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Adapting the curriculum for a statemented child

Discussion in 'Behaviour' started by maggieDD, Jan 12, 2012.

  1. maggieDD

    maggieDD New commenter

    I (and the new head) are keen to adapt the curriculum for my 1-2-1 who has severe BESD, triggered when he is requested to do something he finds difficult. However, the class teacher is reluctant due to the amount of planning she thinks will be involved. As he has a statement and IEP would there necessarily be a lot of planning involved?
     
  2. bigkid

    bigkid New commenter

    Are you a primary teacher?
    How well do you know what the pupil is already capable of doing?
    whether this will require much planning depends on exactly what you want to do. do you want this pupil doing the same work as everyone else but more scaffolded, do you want them doing different work or a mixture of the two.

     
  3. maggieDD

    maggieDD New commenter

    I am an LSA. It is difficult to know how well he is doing because he hasn't ever completed the necessary assessments.
    He is capable in both numeracy and literacy, however he becomes extremely agitated and will use every task avoidance in the book. He has already been given options of drawing, or me scribing and he still makes excuses to get out of doing the work required. I feel he needs to be in utter control, and if he isn't he will announce that he is going to 'have a strop' and then do so until he has to be removed from class in case a child gets hit by a flying chair. Some days are worse than others, and I realise his mother's mental ill health are obvious contributing factors.
    An example; he needed to practise his spellings (writing on a whiteboard, which he detests) he usually requests a quiet room so I took him there and gave him the option of magnetic letters. He spent half an hour getting up, wandering around, not listening to me and we got four words spelt. So even with the lesson being adapted to his desires, he still didn't complete it.
     
  4. Sounds familiar!
    http://www.autism.org.uk/about-autism/related-conditions/pda-pathological-demand-avoidance-syndrome.aspx
    No matter how much you differentiate that curriculum, if he doesn't want to do it... he isn't going to do it. I work with a child that was the identical match of yours, he had no academic records as he hadn't completed any assessments, he would refuse to do anything he didn't want to - point blank. Any persistance would lead to a meltdown as you described. Now he completes assessments, does his work (most of the time...) and life is easier for everyone involved. If any of this sounds familiar, just send me a PM and I'd be happy to share what we've changed to engage him.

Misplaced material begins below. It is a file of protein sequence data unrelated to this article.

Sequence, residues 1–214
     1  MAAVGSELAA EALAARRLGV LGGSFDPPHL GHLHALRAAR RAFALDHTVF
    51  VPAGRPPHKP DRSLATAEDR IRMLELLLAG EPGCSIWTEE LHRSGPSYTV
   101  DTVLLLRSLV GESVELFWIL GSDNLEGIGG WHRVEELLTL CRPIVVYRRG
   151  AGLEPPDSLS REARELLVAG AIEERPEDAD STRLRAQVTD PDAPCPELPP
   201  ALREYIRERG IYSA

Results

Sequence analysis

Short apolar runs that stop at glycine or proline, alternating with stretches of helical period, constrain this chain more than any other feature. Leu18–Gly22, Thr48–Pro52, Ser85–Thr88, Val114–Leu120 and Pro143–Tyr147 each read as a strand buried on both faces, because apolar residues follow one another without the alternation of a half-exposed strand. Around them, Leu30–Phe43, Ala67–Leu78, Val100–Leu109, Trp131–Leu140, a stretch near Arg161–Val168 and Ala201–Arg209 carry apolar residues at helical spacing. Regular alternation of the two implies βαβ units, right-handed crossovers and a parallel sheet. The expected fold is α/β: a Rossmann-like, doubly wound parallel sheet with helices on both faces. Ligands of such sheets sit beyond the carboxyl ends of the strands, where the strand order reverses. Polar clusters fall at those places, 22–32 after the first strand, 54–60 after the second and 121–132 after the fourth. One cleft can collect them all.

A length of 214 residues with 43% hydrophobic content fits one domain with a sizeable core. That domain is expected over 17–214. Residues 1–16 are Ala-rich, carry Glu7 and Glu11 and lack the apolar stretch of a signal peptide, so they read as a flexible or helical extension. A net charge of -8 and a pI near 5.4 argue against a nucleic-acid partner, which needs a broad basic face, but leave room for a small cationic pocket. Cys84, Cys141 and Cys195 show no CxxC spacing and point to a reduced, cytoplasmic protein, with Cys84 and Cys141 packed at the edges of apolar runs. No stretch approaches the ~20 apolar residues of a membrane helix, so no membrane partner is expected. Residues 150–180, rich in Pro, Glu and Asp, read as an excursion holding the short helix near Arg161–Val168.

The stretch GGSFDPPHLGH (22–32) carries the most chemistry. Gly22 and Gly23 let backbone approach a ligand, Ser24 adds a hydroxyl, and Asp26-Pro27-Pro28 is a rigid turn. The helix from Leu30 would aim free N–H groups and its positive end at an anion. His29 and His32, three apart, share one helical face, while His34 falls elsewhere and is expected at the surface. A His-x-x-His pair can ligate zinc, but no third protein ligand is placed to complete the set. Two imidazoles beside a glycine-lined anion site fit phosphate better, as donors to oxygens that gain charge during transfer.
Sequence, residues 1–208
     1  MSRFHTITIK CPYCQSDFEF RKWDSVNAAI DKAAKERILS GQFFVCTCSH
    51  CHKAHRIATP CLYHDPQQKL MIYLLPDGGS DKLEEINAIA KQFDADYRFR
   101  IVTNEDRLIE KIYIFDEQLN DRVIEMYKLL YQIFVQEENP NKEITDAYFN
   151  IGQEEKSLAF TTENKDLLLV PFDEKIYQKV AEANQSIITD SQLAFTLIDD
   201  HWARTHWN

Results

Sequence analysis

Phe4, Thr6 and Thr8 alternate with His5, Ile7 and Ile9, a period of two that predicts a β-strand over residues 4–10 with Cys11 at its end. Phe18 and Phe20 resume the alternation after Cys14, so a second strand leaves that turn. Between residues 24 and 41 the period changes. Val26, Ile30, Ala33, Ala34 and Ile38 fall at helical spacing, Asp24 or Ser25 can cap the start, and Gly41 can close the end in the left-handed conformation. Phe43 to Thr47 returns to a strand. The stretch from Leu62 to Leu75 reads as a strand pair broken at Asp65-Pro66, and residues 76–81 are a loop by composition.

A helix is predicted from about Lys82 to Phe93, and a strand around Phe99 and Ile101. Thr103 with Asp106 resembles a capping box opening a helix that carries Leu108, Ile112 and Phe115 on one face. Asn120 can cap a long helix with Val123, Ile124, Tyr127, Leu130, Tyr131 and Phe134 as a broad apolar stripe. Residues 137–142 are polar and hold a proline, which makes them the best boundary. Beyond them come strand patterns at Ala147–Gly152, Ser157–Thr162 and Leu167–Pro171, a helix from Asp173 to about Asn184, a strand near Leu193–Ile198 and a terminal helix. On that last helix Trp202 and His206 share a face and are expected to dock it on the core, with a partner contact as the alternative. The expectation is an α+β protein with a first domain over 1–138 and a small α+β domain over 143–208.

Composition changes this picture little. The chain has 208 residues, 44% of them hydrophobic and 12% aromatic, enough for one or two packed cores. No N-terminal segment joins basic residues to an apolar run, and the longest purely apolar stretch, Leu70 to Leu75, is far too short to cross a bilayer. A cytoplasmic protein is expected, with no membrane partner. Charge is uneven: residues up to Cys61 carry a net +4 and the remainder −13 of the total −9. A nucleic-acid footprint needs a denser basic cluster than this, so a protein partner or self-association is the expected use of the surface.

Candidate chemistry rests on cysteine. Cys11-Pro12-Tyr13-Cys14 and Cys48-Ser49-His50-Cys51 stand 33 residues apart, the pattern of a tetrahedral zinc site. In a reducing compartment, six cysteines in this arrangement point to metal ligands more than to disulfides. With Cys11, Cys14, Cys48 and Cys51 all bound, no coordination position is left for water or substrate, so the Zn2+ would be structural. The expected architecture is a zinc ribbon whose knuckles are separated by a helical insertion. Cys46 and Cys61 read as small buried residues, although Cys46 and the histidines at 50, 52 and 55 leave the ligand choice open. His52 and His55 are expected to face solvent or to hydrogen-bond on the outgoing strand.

5. maggieDD

    maggieDD New commenter

    This information has been a revelation to me and to this boy's mum! We are convinced this is what this child has, but sadly his psychotherapist has just dismissed the posibility, saying 'he hasn't got autsim'
    I have given his mother all the advice I can, she has visited the PDA contact forum and I've adviced she gets CAMHS to give him a DISCO test, which has PDA markers apparently.
    Unfortunately she suffers from mental heath, and is a single parent with no family support, so it's difficult for her to 'push' these matters.
    I have been implementing the strategies suggested on the PDA forum, including making less demands, more choices, over looking low level behaviour, but sadly this child appears to have cottoned on and is taking advantage enormously. When given an choice he will say 'neither' if he doesn't get what he wants he will throw chairs, tubs of stationery, bins (hitting two children recently, resulting in an exclusion for him) if I approach him when he is mid 'throw' he will attack me, kicking, spitting, biting, scratching, punching.
    Initially I felt the strategies were working, now he just thinks he can do what he wants :(
     

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